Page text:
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Safeguarding the Union?

Safeguarding the Union
Written by Graham Gudgin

The Governments new Command Paper Safeguarding the Union makes strenuous efforts to show that Northern Ireland remains an integral part of the UK economic union notwithstanding remaining EU influence. This article argues that the economic impact of the reformed Northern Ireland Protocol will be small and that the union is safe.

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The UK Government’s new Command Paper ‘Safeguarding the Union’ is the third attempt to get right the relationships between Northern Ireland GB and the EU as a consequence of Brexit. The original Northern Ireland Protocol, designed in Theresa May’s time as PM and signed off under Boris Johnson, was unworkable. The objections of unionist and others in Northern Ireland were recognized as legitimate in the February 2023 Windsor Framework which removed some of the most damaging trade aspects of the Protocol. This did not go far enough for many unionists and the DUP brought down the Northern Ireland Assembly in protest, and Northern Ireland remained without a devolved administration for the last two years.

The lack of devolution is blamed by many for all manner of ills in the provision of public services in Northern Ireland but the value of devolution is over-rated. The media often refer to Northern Ireland’s excessively long NHS waiting lists as a consequence of the suspension of Stormont but in fact Northern Ireland had the longest waiting lists of any UK region long before the DUP walked out of the Assembly. None of the UK’s three devolved governments have been particularly effective in delivering public services and Northern Ireland has perhaps been the least effective.  The suspension of devolution did though lead HM Treasury to restrict the flow of funds to Belfast with the result the many public sector employees, including teachers, have had no pay rises for three years during a period of high inflation, and subsidies to firms have been restricted.

The pressures on the DUP to return to Stormont have thus been severe and the new Command Paper has provided the context for them to do so. There was never any possibility of changing the legal basis of the Protocol but the Paper tidies up some outstanding impediments on cross-channel trade or promises to try and do so. It also goes as far as humanly possible to provide confidence to the DUP that the union is safe. HMG always bend their language to their purpose. In the 1990s they asserted no selfish strategic in Northern Ireland when wooing Sinn Fein. Now they emphasise their unionism.  We can however take this as genuine since The Irish Taoiseach, Leo Varadkar said he had difficulties on aspects of the Paper, ‘I think it very much puts the British Government in the position of being advocates for the union whereas in the past they signed up for rigorous impartiality’. He also disliked ‘negative language about the all-island economy’, but more about that anon. The Northern Ireland Office Ministers are both unionists and Brexiteers and the drafting of the Command Paper should not be a surprise. Whether the sentiments will survive a Labour Government is another matter but with Stormont up and running Sir Keir Starmer may wish to leave sleeping dogs lie.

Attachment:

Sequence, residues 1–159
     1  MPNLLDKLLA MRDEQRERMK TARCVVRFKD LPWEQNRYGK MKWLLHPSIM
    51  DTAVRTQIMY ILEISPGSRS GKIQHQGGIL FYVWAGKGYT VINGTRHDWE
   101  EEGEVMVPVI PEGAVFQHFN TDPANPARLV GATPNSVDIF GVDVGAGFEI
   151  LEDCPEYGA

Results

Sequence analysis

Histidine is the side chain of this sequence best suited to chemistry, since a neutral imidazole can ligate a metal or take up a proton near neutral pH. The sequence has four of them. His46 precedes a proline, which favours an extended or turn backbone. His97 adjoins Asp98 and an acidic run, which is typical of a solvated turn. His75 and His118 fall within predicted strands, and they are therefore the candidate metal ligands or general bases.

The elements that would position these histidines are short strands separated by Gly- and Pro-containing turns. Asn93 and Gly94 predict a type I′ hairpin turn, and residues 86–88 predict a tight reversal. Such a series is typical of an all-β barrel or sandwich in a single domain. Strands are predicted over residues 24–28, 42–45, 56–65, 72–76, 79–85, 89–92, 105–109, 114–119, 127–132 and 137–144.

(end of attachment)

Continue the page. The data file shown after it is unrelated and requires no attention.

In many ways the Paper is a triumph of civil service drafting which provides a contrast to the early documents on the Protocol. The Sinn Fein leader, Mary-Lou McDonald may have claimed that Irish Unity ‘is now within touching distance’ but this party has a long self-serving history of seeing unity just around the corner. The likelihood is that the new devolved government will settle down to address the pressing issues of health and other matters emphasized by their constituents. Irish Unity will return to the back burner.

The original Protocol was a punishment regime imposed by the EU and agreed to by weak UK governments in order to secure its essential ‘Trade and Cooperation’ free-trade agreement. Food imports into NI from GB required individual veterinary certificates for each item amount to hundreds per supermarket shipment lorry. Some foodstuffs, seeds and plants were banned from entering NI and NHS medicines were barred unless approved by the EU. Parcels from Amazon etc. required import certificates. Even nationalists in NI saw the unnecessary madness in this and recognized that goods bound only for NI did not require these checks to protect the EU’s single market.

As a result, the Windsor Framework negotiated under Rishi Sunak removed many of the most egregious aspects of the way in which the Protocol was operated. The legal basis originally agreed with the EU remained intact but the operation of trade across the Irish Sea was greatly simplified. Nonetheless a border remained in principle. Some agri-food products and some imports, for example veterinary pharmaceuticals, remained difficult to move from GB to NI.  Data from the regular UK Business Insights and Conditions Surveys indicate that the number of GB firms selling into NI dropped by one sixth after the Protocol came into force in January 2021 and there is little evidence that the Windsor Framework improved this.

There is certainly evidence that firms in NI are buying less from GB. New trade figures published by the NI Statistics and Research Agency just before Christmas show that purchases from GB fell from 30% of all goods bought in NI in 2019 to 25% in 2022. So, if goods were not being bought from GB where did they come from? The data shows that the main beneficiary was not the Republic of Ireland where the share of NI sales has been broadly flat at 7%. The beneficiary was instead Northern Ireland itself. Goods bought in NI have increasingly originated within NI, increasing from 51% of all purchases in 2019 to 55% in 2022. Instead of an emerging economic united Ireland, firms appear to be reacting to the Protocol by buying locally rather than from GB but not increasing purchases from the Republic. This may raise prices and restrict choices for NI consumers but at the same time will raise their incomes. Fears that the Protocol would lead in the direction of an all-island economy appear to be misplaced.